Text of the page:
The biggest Twitch streamers swear by this gaming PC. Is it any good?

The Starforge Navigator PC sitting on a coffee table.
Starforge Systems Navigator
MSRP $1,900.00

“The Starforge Systems Navigator makes a compelling argument for prebuilt gaming PCs.”

  • Excellent build quality
  • No bloatware
  • Solid performance
  • Two-year warranty
  • A bit expensive
  • No extra power supply cables

Names like Asmongold, Emiru, MoistCr1TiKaL, and Sodapoppin should be familiar to you if you linger on Twitch day after day. Outside of being some of the most successful streamers on the platform, they all share something else in common — a resounding endorsement of gaming PCs built by Starforge Systems.


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Starforge Systems is an interesting anomaly in the world of prebuilt gaming PCs. It’s not just a matter of successful Twitch streamers putting their seal of approval on a piece of hardware. According to Starforge, these creators actually own the company, or at least a portion of it.

I received the Navigator, which is in the middle of the pile of the 15 different configurations that Starforge Systems currently offers. It hits a sweet spot in terms of price and performance, and even among a sea of rival PC builders, the Starforge Navigator feels like a PC worthy of the names that back it.

Specs and pricing

RAM inside the Starforge Navigator.
Jacob Roach / Digital Trends

But let’s meet the Navigator. It’s a $1,900 PC that features pretty solid specs for the price. You’re getting an RTX 4070 GPU, 1TB of PCIe 4.0 storage, 32GB of DDR5-6000 memory, a 240mm liquid cooler from DeepCool, and a solid branded motherboard and power supply from MSI.

One thing I appreciate about Starforge is that it lists the specific components you’re getting in the build — a lot of builders swap parts out depending on availability, meaning you might get something you weren’t expecting in the mail.

The only exception is the graphics card. The Navigator comes with an RTX 4070, and Starforge has an MSI model pictured on its product page. I received a PNY model. GPUs are volatile, and it’s unreasonable to assume Starforge would maintain inventory of a specific model of graphics card, so it gets a pass here.

CPU AMD Ryzen 5 7600X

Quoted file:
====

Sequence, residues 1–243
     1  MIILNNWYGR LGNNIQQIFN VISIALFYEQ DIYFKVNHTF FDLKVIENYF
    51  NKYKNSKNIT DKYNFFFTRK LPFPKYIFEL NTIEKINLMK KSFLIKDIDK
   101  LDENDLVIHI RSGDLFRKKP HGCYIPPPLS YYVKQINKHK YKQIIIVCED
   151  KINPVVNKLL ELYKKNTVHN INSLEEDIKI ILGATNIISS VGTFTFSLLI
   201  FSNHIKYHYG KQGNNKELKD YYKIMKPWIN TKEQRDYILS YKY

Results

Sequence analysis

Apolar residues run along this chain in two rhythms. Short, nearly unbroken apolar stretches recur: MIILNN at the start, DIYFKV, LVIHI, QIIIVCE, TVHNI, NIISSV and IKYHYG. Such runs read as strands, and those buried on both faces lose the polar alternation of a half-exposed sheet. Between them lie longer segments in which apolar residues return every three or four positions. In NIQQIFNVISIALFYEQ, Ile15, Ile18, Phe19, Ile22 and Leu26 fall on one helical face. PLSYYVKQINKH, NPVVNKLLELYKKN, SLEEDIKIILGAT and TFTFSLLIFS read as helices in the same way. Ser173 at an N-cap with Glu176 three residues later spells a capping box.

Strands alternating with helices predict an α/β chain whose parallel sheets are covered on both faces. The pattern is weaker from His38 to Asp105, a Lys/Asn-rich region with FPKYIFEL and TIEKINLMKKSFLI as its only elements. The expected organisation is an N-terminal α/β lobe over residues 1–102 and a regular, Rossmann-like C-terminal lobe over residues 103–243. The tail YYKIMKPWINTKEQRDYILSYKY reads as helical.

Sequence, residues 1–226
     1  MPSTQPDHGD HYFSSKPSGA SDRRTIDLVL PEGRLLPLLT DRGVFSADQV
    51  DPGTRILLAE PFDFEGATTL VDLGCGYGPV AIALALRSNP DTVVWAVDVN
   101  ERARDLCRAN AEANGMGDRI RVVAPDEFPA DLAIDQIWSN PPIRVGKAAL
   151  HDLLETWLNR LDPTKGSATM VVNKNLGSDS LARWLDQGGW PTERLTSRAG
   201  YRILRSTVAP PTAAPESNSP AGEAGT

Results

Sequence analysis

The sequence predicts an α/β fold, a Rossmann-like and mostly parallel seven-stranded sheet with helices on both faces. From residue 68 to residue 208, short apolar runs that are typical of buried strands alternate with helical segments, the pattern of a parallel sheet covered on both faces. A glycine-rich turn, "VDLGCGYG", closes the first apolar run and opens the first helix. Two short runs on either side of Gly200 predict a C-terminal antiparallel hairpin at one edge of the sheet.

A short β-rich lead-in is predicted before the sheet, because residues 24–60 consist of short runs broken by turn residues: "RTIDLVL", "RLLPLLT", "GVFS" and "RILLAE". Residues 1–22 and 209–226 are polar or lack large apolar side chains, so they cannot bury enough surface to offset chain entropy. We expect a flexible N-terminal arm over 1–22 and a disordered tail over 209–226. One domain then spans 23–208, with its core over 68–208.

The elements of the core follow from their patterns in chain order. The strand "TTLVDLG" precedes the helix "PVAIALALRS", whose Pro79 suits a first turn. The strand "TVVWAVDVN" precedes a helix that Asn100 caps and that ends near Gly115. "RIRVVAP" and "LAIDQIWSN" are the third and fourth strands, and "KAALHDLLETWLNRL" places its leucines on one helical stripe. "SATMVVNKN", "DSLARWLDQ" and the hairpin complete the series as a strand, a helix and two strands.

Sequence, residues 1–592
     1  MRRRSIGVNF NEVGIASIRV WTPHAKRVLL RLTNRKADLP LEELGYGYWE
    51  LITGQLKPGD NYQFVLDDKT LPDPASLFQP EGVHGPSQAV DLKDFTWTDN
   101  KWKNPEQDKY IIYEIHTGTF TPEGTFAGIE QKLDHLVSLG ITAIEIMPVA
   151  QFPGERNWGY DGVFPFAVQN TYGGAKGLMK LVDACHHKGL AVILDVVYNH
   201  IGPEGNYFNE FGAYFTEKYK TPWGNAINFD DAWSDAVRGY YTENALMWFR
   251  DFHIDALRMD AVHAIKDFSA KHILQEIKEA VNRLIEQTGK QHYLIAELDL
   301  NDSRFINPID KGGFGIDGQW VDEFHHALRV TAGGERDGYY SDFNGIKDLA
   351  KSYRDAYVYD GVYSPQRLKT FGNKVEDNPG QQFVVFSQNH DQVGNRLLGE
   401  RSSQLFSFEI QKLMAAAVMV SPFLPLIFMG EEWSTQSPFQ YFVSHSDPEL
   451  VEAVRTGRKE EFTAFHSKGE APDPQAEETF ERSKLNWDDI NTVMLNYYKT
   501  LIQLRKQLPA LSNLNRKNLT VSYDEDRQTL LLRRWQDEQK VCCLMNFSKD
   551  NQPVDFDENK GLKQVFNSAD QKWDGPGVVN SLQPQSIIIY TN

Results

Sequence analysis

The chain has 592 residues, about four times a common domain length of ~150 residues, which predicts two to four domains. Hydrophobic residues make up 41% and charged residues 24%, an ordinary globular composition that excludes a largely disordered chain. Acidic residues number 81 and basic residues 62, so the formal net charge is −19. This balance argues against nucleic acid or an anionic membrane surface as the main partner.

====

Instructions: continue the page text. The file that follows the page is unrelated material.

CPU Cooler Starforge Custom DeepCool LT520 240mm Liquid Cooler
Memory Teamgroup Delta RGB 32GB DDR5-6000 (2x16GB)
GPU Nvidia RTX 4070
Motherboard MSI Pro B650-P Wi-Fi
Storage 1TB PCIe 4.0 NVMe SSD
Power supply MSI MAG A750GL PCIe 5.0
Case XPG Invader X

If you take all of the components here and price them out, it comes out to about $1,450, plus a few additional fans and a Windows key. Starforge is charging $1,900, which is a very reasonable price. It’s about $400 for the build fee, and for that, you get a two-year parts and labor warranty. The real boon for Starforge, however, is that you can see what you’re actually getting before you buy it. There isn’t a list of generic specs, and I wasn’t surprised to see the final product when it showed up on my doorstep.

I’m reviewing the Navigator, but there are a lot of other options. The Horizon II is the cheapest build at $1,050, and it comes with an AMD RX 6650 XT and Intel Core i5-12400F. At the top end, you can drop $4,600 on the Voyager II Elite, which comes kitted out with an Intel Core i9-14900K and Nvidia RTX 4090.

Inside the Starforge Navigator

The Starforge Navigator PC with the side panel removed.
Jacob Roach / Digital Trends

Unboxing the Navigator was a breeze. Unlike the CLX Hathor or Origin Neuron, you don’t have to contend with a costly wooden shipping crate to get to your PC. It’s a cardboard box, fit with some bubble wrap to keep the PC safe. Starforge uses expandable foam inside the PC to support the graphics card and other internal components, and everything showed up at my door in perfect condition.

Starforge is a bit heavy on the fans, likely for aesthetic reasons, but it makes the PC louder than it needs to be. The fans ramp up when the PC is under load, as expected, but there’s a constant hum coming from the rig due to the seven fans in the relatively small case.

Still, the fans are configured in a smart way here. There are four intakes, three on the side and one on the bottom, and three exhausts, one at the rear and two on top through the liquid cooler. The XPG case Starforge uses includes dust filters for all of the intakes, so keeping the PC clean shouldn’t be a hassle.

The accessories box for the Starforge Navigator PC.
Jacob Roach / Digital Trends

In addition to the PC, you get an accessories case, a power cable, and a quick start guide. The start guide is helpful, though it should note the plastic that covers the liquid cooler. There’s a thin layer of plastic over the liquid cooler, and it’d be easy to miss in the rush of setting up a new gaming PC.

The accessories box held a suite of goodies that were included with the XPG case, including a vertical GPU mount, extra screws, cable ties, and even a GPU support. Starforge oddly doesn’t include any extra power supply cables, however. Someone familiar with PCs could separate what’s what here, but a bit of documentation for newcomers would be helpful with a suite of disparate parts like this.

The inside of the PC is a dream. Starforge has excellent cable management, and it includes some comforts like cable combs to keep the front bay looking tidy. This is much better attention to detail than you get with something like the MSI Aegis RS 12, and a good argument for a system integrator over a mainstream brand.

Cable comb inside the Starforge Navigator PC.
Jacob Roach / Digital Trends

I can only speak for the PC I reviewed. I’ve seen a handful of other reviews that have spotted issues like the SSD heat sink sticker still being applied and connectors not being seated fully. These problems have been showcased by massive names like Gamers Nexus and Linus Tech Tips, and further amplified by the streamers serving as a face for Starforge Systems.